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Oracle sues Google for copyright infringement over Android

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Aug. 16, 2010

Last week, Oracle has sued Google for patent and copyright infringement concerning the use of Sun Microsystem's Java technology in Google's Android operating system, setting the stage for a complicated and very expensive trial, if it does go to trial that is.

"In developing its Android operating system, Google knowingly, directly, and repeatedly infringed Oracle's Java-related intellectual property," Oracle's lawsuit suggests.

"Filing patent suits was never in Sun's genetic code," says James Gosling, a key Java creator. But Gosling, who earlier referred to Oracle Chief Executive Larry Ellison as Larry, and who became independent after quitting Oracle shortly after Oracle's Sun Microsystem acquisition, also got a good look at Oracle's 'Constitution' if you will.

"During the integration meetings between Sun and Oracle, where we were being grilled about the patent situation between Sun and Google, we could already see the Oracle lawyer's eyes start to sparkle in a few directions. They also had dollar signs in them."

But to be fair, Google did reimplement some Java code on its own in its OS, well at least a bit of it, letting programmers essentially use Java to write their programs and including a key virtual machine component, called Dalvik, that translated those programs into the code that actually runs on Android MIDs (mobile Internet devices).

Of course, we all know now that technology cloning is a decades-old art in the computing and IT industry, and it often relies on a clean-room approach in which software engineers independently re-create how technology actually works to minimize legal risks. This is nothing new, and will probably go on as well for probably forever. How else are they supposed to work?

"And to be sure, there were certainly a lot of discussions going back and forth about how "clean-room" Google really could have done this," said one source familiar with how Sun responded to Google's Android moves.

Rich Green, then head of Sun's software group, said at the time that there's no clean room in Mountain View, Calif., where Google is headquartered, that's really 'clean' enough, the source said.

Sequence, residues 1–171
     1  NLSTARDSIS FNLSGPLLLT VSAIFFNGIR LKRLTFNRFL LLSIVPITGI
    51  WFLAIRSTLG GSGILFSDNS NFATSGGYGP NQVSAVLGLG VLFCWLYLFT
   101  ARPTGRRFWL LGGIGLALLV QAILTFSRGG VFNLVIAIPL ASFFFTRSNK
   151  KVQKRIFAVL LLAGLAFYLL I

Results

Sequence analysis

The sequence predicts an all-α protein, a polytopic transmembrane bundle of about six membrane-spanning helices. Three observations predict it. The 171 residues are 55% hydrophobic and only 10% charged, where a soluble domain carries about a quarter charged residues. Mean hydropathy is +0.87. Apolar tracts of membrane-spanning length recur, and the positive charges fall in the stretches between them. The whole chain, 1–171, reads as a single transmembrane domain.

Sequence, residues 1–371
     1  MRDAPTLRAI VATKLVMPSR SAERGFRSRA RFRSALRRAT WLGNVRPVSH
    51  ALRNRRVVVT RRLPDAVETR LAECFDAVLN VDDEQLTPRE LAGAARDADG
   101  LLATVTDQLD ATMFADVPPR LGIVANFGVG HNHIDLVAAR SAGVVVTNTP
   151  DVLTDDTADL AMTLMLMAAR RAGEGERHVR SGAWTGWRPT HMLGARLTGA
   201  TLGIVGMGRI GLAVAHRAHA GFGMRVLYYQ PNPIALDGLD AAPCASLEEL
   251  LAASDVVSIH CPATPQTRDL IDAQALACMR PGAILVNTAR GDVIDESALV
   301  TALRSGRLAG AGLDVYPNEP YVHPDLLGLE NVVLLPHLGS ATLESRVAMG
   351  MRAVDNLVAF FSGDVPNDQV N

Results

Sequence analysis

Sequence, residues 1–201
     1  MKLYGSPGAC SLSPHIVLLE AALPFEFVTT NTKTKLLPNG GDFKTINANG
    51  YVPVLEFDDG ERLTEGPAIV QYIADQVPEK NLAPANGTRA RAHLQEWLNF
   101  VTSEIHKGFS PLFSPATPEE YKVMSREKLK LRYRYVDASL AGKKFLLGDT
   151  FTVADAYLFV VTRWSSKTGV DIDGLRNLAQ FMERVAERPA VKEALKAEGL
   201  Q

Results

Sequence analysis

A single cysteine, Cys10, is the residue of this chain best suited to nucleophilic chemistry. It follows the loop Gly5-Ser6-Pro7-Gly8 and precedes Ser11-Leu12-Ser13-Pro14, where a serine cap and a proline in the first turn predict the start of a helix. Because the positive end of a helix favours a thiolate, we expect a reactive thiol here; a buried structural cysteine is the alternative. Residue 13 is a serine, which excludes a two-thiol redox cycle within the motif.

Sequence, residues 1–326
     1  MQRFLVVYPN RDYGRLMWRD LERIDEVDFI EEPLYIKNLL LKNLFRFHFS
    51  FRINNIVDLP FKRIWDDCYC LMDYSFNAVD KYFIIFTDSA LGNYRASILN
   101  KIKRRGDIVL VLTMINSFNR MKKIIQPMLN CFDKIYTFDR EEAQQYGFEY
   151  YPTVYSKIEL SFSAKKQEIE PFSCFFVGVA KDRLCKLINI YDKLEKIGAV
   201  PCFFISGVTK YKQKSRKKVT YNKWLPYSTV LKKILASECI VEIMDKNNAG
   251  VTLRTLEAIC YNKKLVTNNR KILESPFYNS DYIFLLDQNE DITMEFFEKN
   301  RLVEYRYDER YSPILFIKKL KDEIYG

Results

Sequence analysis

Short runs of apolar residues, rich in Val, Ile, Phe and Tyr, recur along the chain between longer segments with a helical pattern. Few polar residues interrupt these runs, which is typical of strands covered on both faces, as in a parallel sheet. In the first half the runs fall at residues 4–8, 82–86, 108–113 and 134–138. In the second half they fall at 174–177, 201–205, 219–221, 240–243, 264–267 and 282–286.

We will let you interpret that comment on your own.

Significant Java expertise moved from Sun to Google, not least among them Google Chief Executive Eric Schmidt, who had been Sun's CTO years earlier. One notable Google hire in 2005 was Tim Lindholm, who had led mobile Java work at Sun and who co-wrote a book, "The Java Virtual Machine Specification."

Other Java engineers Google hired included Joshua Bloch, Scott Violet and Chet Haase, who according to his LinkedIn profile, works on Android after a post-Sun stint at Adobe Systems.

"Google hired a ton of Sun engineers who worked on Java," said another person familiar with the companies' relationship.

Although Android's success is relatively new for now, its software components aren't. Google announced Android three years ago and released the Android project source code a year later. As far back as 2007, Sun objected to Google's use of Java technology in a way that bypassed Sun, sidestepped the Java Community Process that oversaw Java, and contributed nothing to the mobile Java license payments that some say had reached more than a billion dollars a year for Sun Microsystems.

But by the time Google had completed its Android OS, Sun wasn't in a position of strength to sue Google, for some reasons that are still unclear at this time.

Responding to a RFC, a Google spokesperson said "We are disappointed Oracle has chosen to attack both Google and the open-source community with this baseless suit. The open-source community goes beyond any one corporation and works every day to make the Internet a better place to live and work. We will strongly defend open-source standards and will continue to work closely with the industry to develop the Android operating system."

As far as Java is concerned, the rather cold relationship that the technology is facing with Google was a dramatic reversal from 2005, when Sun and Google at that time announced a significant partnership that among other things meant Sun would distribute the Google Toolbar software with Java, that Google would promote Sun's OpenOffice.org software that competes headon with Microsoft Office, and that Google would increase its involvement in the Java Community Process.

It's amazing what just five short years can do to two companies.

Source: Oracle.

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